Cheney expressed concerns at such actions as taking a harder line toward U.S. allies in the North Atlantic Treaty Organization and deciding to withdraw troops from Syria during what he fretted was “the middle of a phone call.”
Cheney also worried aloud to Pence that “we’re getting into a situation when our friends and allies around the world that we depend upon are going to lack confidence in us” and then offered a blunt criticism of the current administration’s response to foreign policy challenges. …
Cheney expressed alarm over news reports that Trump “supposedly doesn’t spend that much time with the intel people, or doesn’t agree with them, frequently,” as well as the high staff turnover rate at the intelligence agencies.
The former vice president then turned his attention to the situation in North Korea. He worried about Trump’s decision to cancel the decades-long U.S. military exercises with South Korea and referenced a recent Bloomberg News report about the president’s directive “to pursue a policy that would insist that the Germans, the Japanese, and the South Koreans pay total cost for our deployments there, plus 50 percent on top of that.” … [Cheney] worried aloud, again and again, that for Trump, the former businessman turned president, foreign policy boils down to a crude dollars-and-cents transaction. Noting that NATO countries have provided their own troops to fight alongside the United States in Afghanistan, he said, “So it’s a lot more than just the checkbook.”

He might have thrown in that Trump has gotten into a no-win trade war with China, damaged our relations with Asian democratic allies (by, among other things, pulling the plug on the Trans-Pacific Partnership), given cover to the Russians for their attack on our elections, smeared the FBI and the rest of the intelligence community, failed to halt Iran’s regional aggression and replaced expert, competent advisers with yes-men and weaklings.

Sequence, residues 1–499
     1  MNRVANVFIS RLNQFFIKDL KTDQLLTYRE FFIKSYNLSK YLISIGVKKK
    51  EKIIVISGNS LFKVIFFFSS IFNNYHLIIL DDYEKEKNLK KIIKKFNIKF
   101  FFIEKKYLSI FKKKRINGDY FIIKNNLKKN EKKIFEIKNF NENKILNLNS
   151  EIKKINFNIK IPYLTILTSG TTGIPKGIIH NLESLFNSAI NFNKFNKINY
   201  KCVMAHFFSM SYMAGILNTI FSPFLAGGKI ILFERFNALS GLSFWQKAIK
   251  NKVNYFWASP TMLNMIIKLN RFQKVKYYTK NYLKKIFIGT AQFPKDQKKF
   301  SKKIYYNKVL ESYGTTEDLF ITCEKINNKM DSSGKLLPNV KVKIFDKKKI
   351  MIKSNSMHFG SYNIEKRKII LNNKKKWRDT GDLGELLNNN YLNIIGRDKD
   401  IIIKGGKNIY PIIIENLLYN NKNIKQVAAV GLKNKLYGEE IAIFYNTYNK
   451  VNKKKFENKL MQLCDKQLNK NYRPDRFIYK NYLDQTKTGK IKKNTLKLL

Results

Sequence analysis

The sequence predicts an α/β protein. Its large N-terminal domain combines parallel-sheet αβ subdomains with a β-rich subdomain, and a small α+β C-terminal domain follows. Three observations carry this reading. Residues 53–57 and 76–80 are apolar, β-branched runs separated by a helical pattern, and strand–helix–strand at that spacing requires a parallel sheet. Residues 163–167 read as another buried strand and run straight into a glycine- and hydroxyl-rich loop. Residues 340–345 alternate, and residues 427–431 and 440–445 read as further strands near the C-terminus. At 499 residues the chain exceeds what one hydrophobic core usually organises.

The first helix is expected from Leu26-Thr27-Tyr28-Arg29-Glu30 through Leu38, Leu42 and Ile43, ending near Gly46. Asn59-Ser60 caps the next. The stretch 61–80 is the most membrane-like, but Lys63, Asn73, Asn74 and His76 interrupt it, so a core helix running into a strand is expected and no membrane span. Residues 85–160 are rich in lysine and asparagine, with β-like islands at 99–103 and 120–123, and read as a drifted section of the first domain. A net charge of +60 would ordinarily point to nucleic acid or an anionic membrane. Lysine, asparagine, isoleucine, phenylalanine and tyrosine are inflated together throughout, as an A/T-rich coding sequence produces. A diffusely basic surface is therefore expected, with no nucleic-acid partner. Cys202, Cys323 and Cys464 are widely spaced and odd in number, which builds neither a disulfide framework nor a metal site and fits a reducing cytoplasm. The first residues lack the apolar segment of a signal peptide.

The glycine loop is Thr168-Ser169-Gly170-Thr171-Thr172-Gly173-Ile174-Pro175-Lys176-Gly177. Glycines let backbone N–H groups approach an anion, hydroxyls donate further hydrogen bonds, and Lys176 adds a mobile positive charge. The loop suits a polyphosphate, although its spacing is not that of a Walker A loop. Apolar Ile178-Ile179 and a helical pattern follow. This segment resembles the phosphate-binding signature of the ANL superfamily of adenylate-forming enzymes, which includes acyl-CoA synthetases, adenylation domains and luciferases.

In short, nearly every critique (aside from defense spending, which Trump has increased) the right applied to Obama is equally if not more applicable to Trump. So why should Republicans who care about national security put up with a weaker commander in chief than Obama?

Not even defense spending is secure under Trump. While defense spending has increased under Trump, he’s now stealing from defense to pay for a wall to address an “emergency” his national security experts say doesn’t exist. Kaine made an argument Republicans who fancy themselves as hawks should be propounding:

I’m on the Armed Services Committee. I represent Virginia. I have a child in the military, so I sent a letter on February 15th to the secretary of defense and said if you’re going to ransack the Pentagon’s budget, tell me what projects you’re going to cut or delay or eliminate. They wouldn’t provide an answer. At the hearing on Thursday, we, we’re now going to vote that day on whether we support or reject the emergency declaration and they still hadn’t answered our question, “What projects are at stake?” At the hearing he said, “Oh I’ll send you the list later this afternoon.”